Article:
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PSYB57H3 Chapter Notes -Motor Cognition, Saul Sternberg, Wilhelm Wundt


Department
Psychology
Course Code
PSYB57H3
Professor
George Cree

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PSYB57 Chapter 1: How the Brain Gives Rise to the Mind
1. Cognitive psychology: internal representations (ideas, models inside the mind)
- Observable VS unobservable behaviour
2. Philosophy:
Rene Descartes distinction btw mind and body (qualitatively distinct, ex, heat VS light)
John Locke thought is a series of mental images
Bishop George Berkeley disagreed with Locke! Argument: abstract concepts (“justice”,
“truth”) cannot be conveyed by images!
Oswald Kulpe demonstrated that mental images do not always accompany mental activity
A MENTAL IMAGE = SIGNALED BY THE EXPERIENCE OF PERCEIVING WHEN THE
APPROPRIATE SENSORY INPUT IS ABSENT, CREATES THE EXPERIENCE OF “SEEING WITH THE
MIND’S EYE”
- Some types of mental activity (those that occur as you understand words) are
unconscious not accompanied by mental images
William James: “Functionalist psychologist”, focused not on the nature of mental activity BUT
on the functions of specific mental activities (p6)
Introspection: process of internal perception, looking within oneself to assess one’s mental
activity
Wilhelm Wundt focused on understanding the nature of consciousness
(1) Characterizing basic sensations + feelings (feeling heat/cold, seeing red/blue)
(2) Finding the rules whereby such elements are combined (simple sensations combined to
form the perception of seeing an entire object)
- HEAD OF 1st MODERN PSYCHOLOGY LABORATORY, GERMANY, LATE 19th CENTURY
Psychologists of Wundt’s school (2) MAJOR CONTRIBUTIONS
(1) Mental activity can be broken down into more basic operations (perception of color,
shape, location)
(2) Developed objective methods for assessing mental activity (measuring amt of time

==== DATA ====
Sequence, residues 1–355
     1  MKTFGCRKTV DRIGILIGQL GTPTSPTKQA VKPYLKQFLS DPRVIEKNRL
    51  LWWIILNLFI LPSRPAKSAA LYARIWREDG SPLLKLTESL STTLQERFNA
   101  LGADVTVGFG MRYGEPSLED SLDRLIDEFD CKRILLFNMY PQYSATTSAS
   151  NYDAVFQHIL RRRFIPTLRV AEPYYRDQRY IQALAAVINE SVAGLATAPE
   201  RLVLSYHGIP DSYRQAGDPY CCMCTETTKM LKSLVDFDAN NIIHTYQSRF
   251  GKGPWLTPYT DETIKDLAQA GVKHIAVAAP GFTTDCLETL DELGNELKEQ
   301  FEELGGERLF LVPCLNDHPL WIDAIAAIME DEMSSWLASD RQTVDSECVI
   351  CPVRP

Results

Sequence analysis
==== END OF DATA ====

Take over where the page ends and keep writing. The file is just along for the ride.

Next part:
people need to make certain decisions)
Edward Tichener Wundt’s student. Extended approach to cover not only sensations & feelings
but also mental activity
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Behaviourists: psychology should not attempt to understand hidden mental events
- Focus purely on immediately observable: stimuli, responses + consequences of those
responses
- SEVERE LIMITS: could not explain language, perception, memory, decision making
Clark L. Hull willing to purpose internal events that inferred directly from behaviour
(motivation)
B. F. Skinner + later behaviourists reject all discussion of internal events!
3. Cognitive revolution: late 1950s early 1960s
- Directly tied to development of the computer (a tool that allowed researchers to
specify the internal mechanisms that produce behaviour) allowed mental activity
to be studied more objectively than did introspection!!
- Studying stimuli + response = only the beginning! to understand what is going on:
go inside to look at mechanism that underlies what you can observe directly
Crucial distinction not btw hardware & software (programs) BUT btw LEVELS OF ANALYSIS!
(The physics, function, information processing: the storage, manipulation, transformation of
info)
MENTAL ACTIVITY OFTEN DESCRIBED IN TERMS OF INFO PROCESSING
- Descriptions at the different levels of analysis cannot be replaced by one another b/c
they specify different kinds of things! BUT we can gain insights into characteristics of
one level from the others
4. Mental Representation: a physical state that conveys info, specifying an object, event,
category/its characteristics
- A representation that conveys meaning within a processing system (system that inc
various processes that interpret & operate on representations)
- WOULD NOT REPRESENT ANYTHING IF IT DID NOT OCCUR WITHIN A PROCESSING
SYSTEM
TWO distinct facets:
(1) Format form of representation (drawing VS verbal description)
(2) Content meaning conveyed
Mental Processing: transformation of info that obeys well defined principles to produce a
specific output when given a specific input
- Processing system: set of processes that work together to accomplish a types of
task, using and producing representation as appropriate
Ex, Many separate operations performed in a factory, but all work together common
goal!
5. Algorithm: step-by-step procedure that guarantees that a certain input will produce a
certain output
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